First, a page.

Skip to Content

I’ve read several accounts of a financial scandal involving a large global software enterprise, one in a Indian IT under scanner written by Debashish Sarkar, the other a Satyam: putting GRC into perspective written by Dennis Howlett.  Both posted in the Governance, Regulation, and Compliance area; I’m posting under Corporate Social Responsibility and Sustainability to discuss the cart, the horse and other objects which can’t be programmed.

Debashish works for a large global software company, though not the one involved in this scandal.  He is clearly expressing personal opinions, and has done so in a thoughtful and articulate way.  Though this might be Debashish’s first blog on the SAP community network, I think it was well-intentioned, well-reasoned, and well-expressed, and look forward to more content from Debashish.

The blog commentary goes in several directions, some on topic, some off topic.

On topic:

  • Audits, financial controls
  • GRC software
  • Board and corporate responsibilities 

Off topic

  • Whether this financial, business event  should be discussed on SCN

Dennis’ blog posits the question whether GRC software could have prevented such alleged massive fraud, with the general opinion (as I read it), that no, crooks will always find ways to steal.  Good software and regulatory scrutiny might find crimes sooner, but preventing them seems impossible (without personal self-control, oh, and whistle-blowers).

Marilyn Pratt‘s comment referred to prior corporate scandals like Enron; I’d recommend The Smartest Guys In The Room as a movie (and moving) documentary of what hapens when the regulation slips, management is greed-driven, and people buy into get-rich-quick schemes. A good friend of mine had a wall chart that graphically displayed the distribution of monetary wealth.  So few have so much, and so many have so little.

Fortunately for me, my parents instilled a lot of “watch our for sneaky business practices” when I was young.  Their expression for a salesperson exaggerating claims was “giving me the business”.  I read Consumer Reports regularly. As a result, I’m not rich in money.  However, I believe I have a rich reputation, since as it is said, your reputation precedes you.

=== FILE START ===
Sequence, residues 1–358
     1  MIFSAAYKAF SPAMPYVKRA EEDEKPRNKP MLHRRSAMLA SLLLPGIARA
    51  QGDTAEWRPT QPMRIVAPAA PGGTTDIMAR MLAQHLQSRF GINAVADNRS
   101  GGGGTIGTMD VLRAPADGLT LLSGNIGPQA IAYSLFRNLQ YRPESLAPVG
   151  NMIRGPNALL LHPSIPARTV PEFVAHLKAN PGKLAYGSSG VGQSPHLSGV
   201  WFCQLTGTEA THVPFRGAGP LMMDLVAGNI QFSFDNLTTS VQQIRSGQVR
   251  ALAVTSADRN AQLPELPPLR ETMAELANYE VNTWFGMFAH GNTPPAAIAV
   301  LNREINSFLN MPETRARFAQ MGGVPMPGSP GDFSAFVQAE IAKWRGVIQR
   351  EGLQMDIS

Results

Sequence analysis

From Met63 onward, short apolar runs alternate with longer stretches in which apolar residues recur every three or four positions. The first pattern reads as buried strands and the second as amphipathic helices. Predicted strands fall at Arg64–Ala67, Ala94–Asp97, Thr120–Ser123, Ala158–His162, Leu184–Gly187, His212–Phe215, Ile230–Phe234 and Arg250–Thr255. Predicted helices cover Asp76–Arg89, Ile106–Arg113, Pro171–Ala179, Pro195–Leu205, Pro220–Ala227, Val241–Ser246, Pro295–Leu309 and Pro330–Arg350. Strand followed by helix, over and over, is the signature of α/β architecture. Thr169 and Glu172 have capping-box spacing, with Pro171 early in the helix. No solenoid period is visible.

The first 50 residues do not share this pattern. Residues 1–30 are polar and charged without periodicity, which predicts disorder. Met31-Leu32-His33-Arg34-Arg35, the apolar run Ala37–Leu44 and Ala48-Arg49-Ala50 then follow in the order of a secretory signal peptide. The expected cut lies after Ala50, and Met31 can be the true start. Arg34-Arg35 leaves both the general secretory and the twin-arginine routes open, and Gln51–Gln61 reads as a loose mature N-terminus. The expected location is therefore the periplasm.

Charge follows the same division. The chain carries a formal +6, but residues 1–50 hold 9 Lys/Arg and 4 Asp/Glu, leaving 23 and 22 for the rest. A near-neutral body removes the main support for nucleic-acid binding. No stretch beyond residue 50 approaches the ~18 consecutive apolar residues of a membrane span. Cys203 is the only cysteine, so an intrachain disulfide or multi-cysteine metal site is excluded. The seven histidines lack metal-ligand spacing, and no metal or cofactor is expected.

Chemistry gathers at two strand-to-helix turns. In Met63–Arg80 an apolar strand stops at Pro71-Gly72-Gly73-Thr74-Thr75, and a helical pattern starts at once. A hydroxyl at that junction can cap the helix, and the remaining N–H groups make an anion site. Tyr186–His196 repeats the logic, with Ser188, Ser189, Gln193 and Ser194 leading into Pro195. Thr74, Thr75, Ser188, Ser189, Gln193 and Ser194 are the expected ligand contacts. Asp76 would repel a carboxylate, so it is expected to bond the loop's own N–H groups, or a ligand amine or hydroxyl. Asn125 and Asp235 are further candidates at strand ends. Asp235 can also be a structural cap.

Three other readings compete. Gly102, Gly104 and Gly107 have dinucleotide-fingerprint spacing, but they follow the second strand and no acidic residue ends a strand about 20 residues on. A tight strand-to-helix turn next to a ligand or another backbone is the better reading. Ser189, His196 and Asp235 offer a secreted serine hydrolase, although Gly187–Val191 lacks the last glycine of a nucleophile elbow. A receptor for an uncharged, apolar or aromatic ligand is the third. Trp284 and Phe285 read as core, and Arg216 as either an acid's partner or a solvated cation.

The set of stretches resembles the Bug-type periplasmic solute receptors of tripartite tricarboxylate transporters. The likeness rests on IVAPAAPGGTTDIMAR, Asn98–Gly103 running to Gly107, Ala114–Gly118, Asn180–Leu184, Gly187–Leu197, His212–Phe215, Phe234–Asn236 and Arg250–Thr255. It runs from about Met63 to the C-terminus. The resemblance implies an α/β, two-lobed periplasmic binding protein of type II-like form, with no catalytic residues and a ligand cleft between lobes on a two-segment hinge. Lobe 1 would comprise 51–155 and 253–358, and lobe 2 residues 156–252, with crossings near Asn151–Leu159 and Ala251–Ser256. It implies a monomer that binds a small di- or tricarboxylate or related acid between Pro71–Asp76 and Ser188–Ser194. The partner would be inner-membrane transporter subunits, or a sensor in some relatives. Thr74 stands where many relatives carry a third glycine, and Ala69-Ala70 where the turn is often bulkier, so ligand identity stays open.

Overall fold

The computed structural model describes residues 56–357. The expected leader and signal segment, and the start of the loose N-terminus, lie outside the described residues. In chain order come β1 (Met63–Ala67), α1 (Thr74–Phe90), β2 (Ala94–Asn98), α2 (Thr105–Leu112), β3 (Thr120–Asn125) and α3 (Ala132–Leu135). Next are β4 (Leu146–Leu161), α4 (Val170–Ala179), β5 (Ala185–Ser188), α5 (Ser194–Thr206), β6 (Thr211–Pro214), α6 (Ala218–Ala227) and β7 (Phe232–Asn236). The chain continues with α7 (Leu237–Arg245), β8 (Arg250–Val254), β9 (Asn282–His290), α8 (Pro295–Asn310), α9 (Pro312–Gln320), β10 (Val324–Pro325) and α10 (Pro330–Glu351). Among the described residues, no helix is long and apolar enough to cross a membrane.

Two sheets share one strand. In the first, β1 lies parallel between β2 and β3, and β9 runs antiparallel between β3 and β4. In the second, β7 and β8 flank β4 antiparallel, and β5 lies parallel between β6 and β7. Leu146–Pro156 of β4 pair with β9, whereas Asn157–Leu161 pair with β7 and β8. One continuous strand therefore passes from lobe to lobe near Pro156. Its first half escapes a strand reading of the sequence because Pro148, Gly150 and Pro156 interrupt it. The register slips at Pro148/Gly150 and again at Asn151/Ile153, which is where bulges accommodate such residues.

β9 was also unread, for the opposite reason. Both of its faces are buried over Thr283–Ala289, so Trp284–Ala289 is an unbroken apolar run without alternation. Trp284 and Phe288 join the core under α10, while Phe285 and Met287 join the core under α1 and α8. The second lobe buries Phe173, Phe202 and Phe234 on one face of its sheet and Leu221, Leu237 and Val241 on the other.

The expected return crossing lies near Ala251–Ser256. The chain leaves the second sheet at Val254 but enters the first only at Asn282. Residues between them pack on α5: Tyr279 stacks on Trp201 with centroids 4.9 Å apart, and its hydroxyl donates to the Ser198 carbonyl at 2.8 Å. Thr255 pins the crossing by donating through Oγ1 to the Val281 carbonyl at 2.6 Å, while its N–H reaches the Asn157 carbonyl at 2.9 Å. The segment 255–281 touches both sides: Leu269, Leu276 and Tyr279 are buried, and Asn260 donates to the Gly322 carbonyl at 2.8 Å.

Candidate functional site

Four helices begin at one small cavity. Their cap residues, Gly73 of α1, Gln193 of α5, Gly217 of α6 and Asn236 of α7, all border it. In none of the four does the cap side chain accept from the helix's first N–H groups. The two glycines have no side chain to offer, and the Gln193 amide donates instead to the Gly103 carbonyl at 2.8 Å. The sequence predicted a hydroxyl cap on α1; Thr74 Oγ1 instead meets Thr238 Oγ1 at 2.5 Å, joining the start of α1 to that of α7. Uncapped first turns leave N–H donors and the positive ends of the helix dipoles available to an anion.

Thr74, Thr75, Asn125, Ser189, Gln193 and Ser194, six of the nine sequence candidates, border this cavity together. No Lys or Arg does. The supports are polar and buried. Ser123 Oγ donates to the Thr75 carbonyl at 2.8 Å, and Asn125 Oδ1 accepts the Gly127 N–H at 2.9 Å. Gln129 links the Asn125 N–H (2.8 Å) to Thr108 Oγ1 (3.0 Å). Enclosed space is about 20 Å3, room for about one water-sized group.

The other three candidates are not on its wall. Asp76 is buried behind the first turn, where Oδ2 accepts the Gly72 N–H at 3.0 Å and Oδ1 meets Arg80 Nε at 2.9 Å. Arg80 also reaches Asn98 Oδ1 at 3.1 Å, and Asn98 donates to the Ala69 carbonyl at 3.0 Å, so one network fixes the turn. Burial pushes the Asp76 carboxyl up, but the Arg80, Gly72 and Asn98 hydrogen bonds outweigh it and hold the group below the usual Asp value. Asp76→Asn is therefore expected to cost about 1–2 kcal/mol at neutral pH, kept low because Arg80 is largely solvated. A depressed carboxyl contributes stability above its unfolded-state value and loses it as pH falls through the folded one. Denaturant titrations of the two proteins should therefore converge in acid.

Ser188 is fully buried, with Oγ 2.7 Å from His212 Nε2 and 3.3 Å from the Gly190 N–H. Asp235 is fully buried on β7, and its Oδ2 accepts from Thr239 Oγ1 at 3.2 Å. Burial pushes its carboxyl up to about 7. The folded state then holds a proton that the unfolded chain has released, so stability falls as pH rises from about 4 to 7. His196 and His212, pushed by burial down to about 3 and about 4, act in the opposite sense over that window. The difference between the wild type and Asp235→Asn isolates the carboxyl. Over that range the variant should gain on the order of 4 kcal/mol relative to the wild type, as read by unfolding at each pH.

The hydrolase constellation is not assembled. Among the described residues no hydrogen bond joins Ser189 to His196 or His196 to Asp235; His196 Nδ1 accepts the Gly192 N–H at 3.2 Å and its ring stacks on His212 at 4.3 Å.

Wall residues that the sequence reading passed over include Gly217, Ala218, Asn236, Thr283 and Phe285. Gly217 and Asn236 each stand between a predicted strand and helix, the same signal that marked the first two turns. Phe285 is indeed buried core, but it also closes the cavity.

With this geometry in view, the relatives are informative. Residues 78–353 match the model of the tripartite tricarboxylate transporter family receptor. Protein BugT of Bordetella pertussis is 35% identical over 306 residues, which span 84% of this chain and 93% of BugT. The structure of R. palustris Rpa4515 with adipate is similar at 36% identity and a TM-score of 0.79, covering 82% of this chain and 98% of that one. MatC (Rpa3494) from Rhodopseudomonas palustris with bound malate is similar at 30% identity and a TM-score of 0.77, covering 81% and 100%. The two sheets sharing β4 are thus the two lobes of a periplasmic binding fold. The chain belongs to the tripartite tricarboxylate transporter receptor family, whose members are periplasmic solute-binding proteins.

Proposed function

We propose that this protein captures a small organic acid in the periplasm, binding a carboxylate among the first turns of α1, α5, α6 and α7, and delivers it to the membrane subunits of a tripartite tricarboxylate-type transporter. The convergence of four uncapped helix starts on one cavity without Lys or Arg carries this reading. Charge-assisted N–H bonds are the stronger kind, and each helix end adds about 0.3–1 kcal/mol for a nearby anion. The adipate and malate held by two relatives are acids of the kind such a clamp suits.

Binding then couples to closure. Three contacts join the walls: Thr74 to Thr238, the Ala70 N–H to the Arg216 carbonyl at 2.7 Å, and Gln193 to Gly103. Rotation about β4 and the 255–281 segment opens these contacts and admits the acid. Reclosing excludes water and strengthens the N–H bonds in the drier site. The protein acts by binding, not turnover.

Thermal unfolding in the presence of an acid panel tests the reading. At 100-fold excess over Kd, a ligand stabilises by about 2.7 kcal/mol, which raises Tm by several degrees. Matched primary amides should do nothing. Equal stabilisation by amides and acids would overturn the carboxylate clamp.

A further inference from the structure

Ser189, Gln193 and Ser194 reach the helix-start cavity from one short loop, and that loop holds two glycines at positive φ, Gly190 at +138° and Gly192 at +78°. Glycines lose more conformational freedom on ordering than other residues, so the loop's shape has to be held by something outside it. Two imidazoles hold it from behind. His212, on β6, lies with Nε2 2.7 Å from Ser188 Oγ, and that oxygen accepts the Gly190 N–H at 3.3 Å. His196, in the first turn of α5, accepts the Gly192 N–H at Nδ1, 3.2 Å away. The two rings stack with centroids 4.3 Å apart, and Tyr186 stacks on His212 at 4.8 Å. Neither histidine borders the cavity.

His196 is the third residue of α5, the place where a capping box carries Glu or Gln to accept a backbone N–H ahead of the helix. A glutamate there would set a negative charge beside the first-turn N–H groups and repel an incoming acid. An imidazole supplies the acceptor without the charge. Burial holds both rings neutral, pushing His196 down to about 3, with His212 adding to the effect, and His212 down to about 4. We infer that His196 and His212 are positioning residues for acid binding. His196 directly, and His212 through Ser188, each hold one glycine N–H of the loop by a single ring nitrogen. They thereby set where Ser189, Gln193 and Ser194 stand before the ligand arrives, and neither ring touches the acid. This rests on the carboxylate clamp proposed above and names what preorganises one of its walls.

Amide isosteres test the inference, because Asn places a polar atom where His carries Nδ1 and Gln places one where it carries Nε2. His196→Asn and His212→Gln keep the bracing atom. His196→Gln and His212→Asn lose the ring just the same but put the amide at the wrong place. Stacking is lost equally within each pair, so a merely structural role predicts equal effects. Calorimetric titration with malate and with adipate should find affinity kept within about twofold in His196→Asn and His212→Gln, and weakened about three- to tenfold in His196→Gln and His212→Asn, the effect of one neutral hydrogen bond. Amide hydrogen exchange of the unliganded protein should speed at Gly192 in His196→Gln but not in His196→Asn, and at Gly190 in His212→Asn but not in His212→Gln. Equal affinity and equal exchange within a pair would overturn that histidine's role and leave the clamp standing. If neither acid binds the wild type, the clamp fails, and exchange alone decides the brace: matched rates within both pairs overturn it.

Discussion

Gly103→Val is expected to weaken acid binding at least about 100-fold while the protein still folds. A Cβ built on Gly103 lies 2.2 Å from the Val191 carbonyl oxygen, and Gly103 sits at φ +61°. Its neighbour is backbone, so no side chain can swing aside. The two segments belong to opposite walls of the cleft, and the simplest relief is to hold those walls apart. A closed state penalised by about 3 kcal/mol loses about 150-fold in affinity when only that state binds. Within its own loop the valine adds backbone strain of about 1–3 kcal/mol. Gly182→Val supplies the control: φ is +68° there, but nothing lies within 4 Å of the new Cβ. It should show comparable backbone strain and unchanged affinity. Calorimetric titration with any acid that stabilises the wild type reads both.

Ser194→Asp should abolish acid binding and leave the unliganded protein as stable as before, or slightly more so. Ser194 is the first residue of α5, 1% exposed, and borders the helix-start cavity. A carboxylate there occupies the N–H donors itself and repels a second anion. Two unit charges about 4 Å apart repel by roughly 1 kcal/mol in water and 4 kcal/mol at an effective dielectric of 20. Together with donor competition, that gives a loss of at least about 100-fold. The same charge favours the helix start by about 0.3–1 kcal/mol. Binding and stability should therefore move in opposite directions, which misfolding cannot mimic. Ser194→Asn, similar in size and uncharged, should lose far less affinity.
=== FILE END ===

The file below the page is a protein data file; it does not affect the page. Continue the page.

I’d like to suggest to novice bloggers, wiki posters and other SAP community members to update your SCN business cards, and once you earn enough respect to get a community profile, fix that up real nice, too.  Here are mine:

 

To report this post you need to login first.

3 Comments

You must be Logged on to comment or reply to a post.

  1. Dennis Howlett
    Nice one Jim. Reputation is earned but once lost is almost impossible to recover. Like you I come form an ‘old skool’ style of upbringing where decency, honesty, respect and reputation matter far more than the size of your bank balance or the number of cars parked in the garage. These things matter and it is to be hoped that these scandals will bring a new sense of meaning to ‘doing the right thing.’
    (0) 
  2. Anbazhagan Sam Venkatesan
    Jim,
    reading your blogs everytime I think that
    one day you may have to write a book ‘Jim’s Path’!

    On the above blog-topic an interesting writing:
    “Power, Responsibility & Wisdom:
    Exploring the issues at the core of Ethical Decision-Making and Leadership:”
    by Dr Bruce Lloyd, Emeritus Professor of Strategic Management,
    London South Bank University.

    http://www.wisdompage.com/blloyd03.html

    May please go through. Hope others in the community would also do.

    Sam Anbazhagan

    (0) 
  3. Vijay Vijayasankar
    While I was in India, I saw a fascinating article in local press. While a lot of fingers are pointed at the scandalous company and its founder, it seems the people from the Chairman’s hometown have expressed solidarity behind him.

    This would seem silly, till you read through and find the reasons. Apparently, the company employs a lot of the town’s residents and their children, plus the founder also puts a deposit of hundred thousand rupees in the name of girls born in the community who might need financial assistance to get married later.

    Now, these guys have all invested heavily in the company and have naturally lost money in the proces. That has not reduced their support for the founder and his company.

    Sounds robin hood like,eh?

    (0) 

Leave a Reply